A doctoral student in biophysics adept at graphs and other analyzes on bicycles has published an infographic focusing on the muscle power required between a classic Dutch bicycle, an electric Dutch bicycle and a mechanical road bicycle. If the results are interesting, they must be nuanced.
Source: Anthony Wonner – Frandroid
Does an electric bike really require less effort than a mechanical bike? This is the question to which the Twitter user PolGM tried to answer. This cycling enthusiast and doctoral student in biophysics, accustomed to infographics on cycles, relied on the award-winning book “Cycling and Science” written by journalist Max Glaskin.
The case study focuses on the muscle power required as a function of speed, in classic Dutch bike on one side, road bike on the other, and finally in electric Dutch bike. To do this, the person concerned was based on a flat tarmacked ground, without wind and with a user of 70 kg.
The results are as follows: for a muscular power of 50 W, the cyclist would not ride at the same speed depending on the cycle used.
Mechanical Dutch bike: 14 km/h; Mechanical road bike: 17 km/h; Electric Dutch bike: 20 km/h.
The interested party specifies that the moderate mode (generally the intermediate assistance mode) was used for the connected model. With the highest mode, the required muscle power should theoretically be lower.
A second observation is made at a higher speed, this time of 24 km/h. As a reminder, electric bikes are electronically limited to 25 km/h in Europe. Beyond this speed, the engine cuts out and it is with the strength of your legs that you have to pedal, and climb, if you wish, to 30 km/h for example.
Source : PolGM via Twitter
The fact is that at 24 km/h, the infographic highlights an interesting point: on a Dutch electric bike (still with the moderate mode), the energy expended is two times less than on a mechanical Dutch bike. A muscle road bike, on the other hand, is roughly between the two, although closer to the electric model.
However, all of the results should be qualified. Far be it from us to refute them, but other elements must also be taken into account to understand the subject. First, the study posted on Twitter does not take into account the type of sensor – rotation or force – used in the electric bicycle.
The importance of the sensor
With a rotation sensor, the effort can be close to zero using the number 1 gear of your transmission. With this sensor, the motor transmits 100% of the electric assistance as soon as a rotation of the crankset is detected. It is found on entry-level e-bikes, because it is generally less reactive and dynamic than a force sensor.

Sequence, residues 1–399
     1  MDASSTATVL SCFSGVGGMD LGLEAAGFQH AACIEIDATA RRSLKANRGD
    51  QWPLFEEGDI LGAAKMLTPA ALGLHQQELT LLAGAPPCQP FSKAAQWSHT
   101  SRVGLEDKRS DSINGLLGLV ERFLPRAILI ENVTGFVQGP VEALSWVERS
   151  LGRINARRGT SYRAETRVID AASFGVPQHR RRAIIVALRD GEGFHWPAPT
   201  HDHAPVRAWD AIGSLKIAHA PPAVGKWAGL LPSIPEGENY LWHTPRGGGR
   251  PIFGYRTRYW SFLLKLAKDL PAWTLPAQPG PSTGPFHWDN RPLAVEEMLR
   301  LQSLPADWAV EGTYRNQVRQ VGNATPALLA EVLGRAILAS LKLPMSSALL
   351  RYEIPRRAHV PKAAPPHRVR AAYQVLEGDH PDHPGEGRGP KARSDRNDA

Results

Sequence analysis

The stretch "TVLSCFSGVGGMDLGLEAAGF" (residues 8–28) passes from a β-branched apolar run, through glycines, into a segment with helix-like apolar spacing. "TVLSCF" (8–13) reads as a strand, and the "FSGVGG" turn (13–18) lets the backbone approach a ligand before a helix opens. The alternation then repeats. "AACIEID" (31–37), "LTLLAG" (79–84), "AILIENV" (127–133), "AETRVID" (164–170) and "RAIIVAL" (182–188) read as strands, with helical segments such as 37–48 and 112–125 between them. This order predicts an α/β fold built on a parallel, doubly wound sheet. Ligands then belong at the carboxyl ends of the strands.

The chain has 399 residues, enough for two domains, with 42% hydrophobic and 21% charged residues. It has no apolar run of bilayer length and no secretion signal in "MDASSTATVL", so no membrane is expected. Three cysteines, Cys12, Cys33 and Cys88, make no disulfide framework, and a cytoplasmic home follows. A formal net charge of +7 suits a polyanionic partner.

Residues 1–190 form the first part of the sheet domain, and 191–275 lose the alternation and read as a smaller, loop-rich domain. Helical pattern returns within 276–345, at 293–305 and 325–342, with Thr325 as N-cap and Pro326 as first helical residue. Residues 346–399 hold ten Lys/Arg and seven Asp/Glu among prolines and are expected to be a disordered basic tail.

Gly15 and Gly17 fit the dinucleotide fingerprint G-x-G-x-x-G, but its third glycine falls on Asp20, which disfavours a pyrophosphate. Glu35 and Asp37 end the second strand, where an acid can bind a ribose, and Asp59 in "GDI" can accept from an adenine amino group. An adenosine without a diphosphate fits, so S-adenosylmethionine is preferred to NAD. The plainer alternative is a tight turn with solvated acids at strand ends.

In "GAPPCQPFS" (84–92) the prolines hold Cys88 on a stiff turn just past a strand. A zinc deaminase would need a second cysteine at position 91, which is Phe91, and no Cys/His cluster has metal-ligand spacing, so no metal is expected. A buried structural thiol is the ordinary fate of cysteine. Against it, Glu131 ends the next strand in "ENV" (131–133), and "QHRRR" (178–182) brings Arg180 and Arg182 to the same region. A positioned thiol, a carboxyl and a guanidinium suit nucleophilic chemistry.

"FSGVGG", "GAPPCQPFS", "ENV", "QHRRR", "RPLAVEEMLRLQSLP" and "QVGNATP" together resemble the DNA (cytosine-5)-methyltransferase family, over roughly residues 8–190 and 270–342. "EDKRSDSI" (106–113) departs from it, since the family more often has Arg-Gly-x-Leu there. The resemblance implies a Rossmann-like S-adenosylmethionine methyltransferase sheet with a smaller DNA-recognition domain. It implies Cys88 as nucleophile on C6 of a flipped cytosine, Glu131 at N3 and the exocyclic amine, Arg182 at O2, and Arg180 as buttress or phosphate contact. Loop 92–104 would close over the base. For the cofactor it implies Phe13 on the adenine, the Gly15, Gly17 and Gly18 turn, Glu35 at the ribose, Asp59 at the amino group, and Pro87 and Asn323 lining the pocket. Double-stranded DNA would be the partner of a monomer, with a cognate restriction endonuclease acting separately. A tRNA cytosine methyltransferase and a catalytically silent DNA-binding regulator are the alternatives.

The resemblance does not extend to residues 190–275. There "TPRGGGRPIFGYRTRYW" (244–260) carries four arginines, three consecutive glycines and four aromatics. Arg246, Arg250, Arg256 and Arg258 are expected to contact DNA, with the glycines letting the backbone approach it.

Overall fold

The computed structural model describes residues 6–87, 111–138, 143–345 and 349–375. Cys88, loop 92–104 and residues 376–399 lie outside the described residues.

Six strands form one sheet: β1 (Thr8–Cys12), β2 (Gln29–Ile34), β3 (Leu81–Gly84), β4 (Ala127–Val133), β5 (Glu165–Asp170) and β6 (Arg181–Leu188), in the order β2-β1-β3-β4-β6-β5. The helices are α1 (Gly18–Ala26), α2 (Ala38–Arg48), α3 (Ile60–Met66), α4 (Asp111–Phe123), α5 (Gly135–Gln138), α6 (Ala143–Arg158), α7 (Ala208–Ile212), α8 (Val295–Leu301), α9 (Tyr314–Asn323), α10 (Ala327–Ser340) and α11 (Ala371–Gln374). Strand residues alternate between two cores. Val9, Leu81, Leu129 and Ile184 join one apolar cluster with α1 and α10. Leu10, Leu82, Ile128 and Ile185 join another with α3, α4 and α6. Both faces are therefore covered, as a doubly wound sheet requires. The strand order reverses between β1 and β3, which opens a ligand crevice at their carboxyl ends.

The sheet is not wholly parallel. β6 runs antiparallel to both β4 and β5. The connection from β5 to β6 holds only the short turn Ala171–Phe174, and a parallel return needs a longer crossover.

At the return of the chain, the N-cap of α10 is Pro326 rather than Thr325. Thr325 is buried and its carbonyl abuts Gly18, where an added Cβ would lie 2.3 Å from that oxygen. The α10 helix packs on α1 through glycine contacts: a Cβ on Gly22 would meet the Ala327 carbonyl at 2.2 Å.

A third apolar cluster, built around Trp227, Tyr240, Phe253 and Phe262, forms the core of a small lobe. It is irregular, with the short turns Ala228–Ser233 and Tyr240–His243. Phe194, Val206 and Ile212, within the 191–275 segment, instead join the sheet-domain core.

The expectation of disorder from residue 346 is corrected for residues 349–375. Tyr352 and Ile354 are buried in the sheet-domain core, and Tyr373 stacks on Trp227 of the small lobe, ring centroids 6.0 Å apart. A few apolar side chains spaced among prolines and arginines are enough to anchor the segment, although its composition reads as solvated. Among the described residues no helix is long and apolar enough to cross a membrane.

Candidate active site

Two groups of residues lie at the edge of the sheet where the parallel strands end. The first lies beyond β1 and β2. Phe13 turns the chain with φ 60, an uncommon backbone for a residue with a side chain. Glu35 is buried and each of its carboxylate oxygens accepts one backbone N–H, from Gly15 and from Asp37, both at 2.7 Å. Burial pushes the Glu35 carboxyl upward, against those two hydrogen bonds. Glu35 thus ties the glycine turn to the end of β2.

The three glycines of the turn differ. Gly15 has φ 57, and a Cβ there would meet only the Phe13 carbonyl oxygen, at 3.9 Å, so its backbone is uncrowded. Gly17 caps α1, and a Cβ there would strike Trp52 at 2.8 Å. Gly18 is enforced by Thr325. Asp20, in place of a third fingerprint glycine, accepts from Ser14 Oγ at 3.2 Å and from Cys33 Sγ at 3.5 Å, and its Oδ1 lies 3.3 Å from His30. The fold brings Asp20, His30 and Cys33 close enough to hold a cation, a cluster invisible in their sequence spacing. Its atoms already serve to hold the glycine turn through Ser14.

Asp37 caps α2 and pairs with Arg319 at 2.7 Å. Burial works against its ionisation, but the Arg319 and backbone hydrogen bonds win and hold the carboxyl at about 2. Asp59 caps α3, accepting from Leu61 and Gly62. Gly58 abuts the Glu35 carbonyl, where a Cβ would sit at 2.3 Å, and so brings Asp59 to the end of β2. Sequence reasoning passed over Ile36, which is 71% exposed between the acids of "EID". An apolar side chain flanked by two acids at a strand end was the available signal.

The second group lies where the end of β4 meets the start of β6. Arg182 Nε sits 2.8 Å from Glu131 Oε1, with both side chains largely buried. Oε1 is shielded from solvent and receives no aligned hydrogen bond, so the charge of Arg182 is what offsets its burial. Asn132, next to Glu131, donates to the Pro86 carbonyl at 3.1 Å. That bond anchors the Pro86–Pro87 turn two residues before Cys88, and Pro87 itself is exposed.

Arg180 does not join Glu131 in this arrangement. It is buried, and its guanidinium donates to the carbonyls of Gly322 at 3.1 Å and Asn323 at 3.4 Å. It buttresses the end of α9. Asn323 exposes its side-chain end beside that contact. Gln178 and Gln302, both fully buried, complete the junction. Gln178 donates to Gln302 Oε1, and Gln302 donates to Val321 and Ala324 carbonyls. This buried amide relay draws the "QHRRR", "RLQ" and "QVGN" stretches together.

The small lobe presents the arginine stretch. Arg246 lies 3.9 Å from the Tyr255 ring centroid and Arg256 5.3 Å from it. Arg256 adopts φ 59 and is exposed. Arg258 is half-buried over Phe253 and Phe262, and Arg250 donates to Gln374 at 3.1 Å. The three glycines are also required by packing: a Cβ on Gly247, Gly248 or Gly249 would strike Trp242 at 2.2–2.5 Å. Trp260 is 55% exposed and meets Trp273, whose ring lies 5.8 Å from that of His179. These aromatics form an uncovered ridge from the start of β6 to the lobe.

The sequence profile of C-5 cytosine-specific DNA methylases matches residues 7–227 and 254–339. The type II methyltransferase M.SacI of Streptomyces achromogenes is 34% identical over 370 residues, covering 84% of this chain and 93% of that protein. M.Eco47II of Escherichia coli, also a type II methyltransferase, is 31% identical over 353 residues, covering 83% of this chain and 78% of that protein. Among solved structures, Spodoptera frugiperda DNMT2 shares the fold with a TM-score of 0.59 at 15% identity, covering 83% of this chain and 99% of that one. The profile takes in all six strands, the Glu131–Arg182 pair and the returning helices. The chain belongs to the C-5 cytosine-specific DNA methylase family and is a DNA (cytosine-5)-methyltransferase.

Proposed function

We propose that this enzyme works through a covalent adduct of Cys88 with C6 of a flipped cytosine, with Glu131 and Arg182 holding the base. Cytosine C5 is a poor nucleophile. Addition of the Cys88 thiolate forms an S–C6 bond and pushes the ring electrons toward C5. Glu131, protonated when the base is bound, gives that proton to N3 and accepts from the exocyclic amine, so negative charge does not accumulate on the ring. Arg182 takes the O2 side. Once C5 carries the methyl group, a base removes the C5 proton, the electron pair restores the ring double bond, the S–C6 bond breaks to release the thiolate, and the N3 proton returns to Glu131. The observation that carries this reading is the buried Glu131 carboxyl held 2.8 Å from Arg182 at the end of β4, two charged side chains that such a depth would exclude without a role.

The latter, precisely, brings a more natural behavior to your driving experience. With it, the electric assistance is transmitted proportionally to the force you put into the pedals. The differences between these two sensors are major: this clearly affects the muscle power required.
Source: Anthony Wonner – Frandroid
In addition, the torque of the bike also has a role: on a VAE with a force sensor for example, a torque of 90 Nm is capable of propelling you with considerable power. This is what we noticed on the Harley-Davidson Serial 1 MOSH/CTY during our test.
On the other hand, the 45 Nm torque of the Cowboy 4 ST required a bit more effort at start-up and during acceleration to reach 25 km/h. Again, the effort was not the same.
It also seems surprising that the muscle power required is almost identical between a Dutch VAE and a mechanical Dutch bike once the 25 km/h is exceeded. An electric bike is generally much heavier than a traditional cycle: it therefore requires much more effort to climb at 30 or 35 km/h for example.
Case by case
To illustrate this, just take a look at the Decathlon Elops 120, which weighs 17.5 kg, compared to 25.9 for its electric version, the Elops 120 E. On paper, a difference of 8, 4 kg is still present.
The optimization of electric bikes finally plays on their ability to make you forget the absence of electric transmission beyond 25 km/h. For example, the Mad Sport+ had frustrated us, because it was difficult to drag once this speed was exceeded. On the other hand, the Cowboy 3 had been particularly playful to climb at more than 30 km/h without insurmountable effort.
However, the two models are only 2.6 kg apart. But, depending on the position and the model of the engine, the friction of this one can affect the behavior of the bike beyond 25 km/h and the difficulty in gaining speed.
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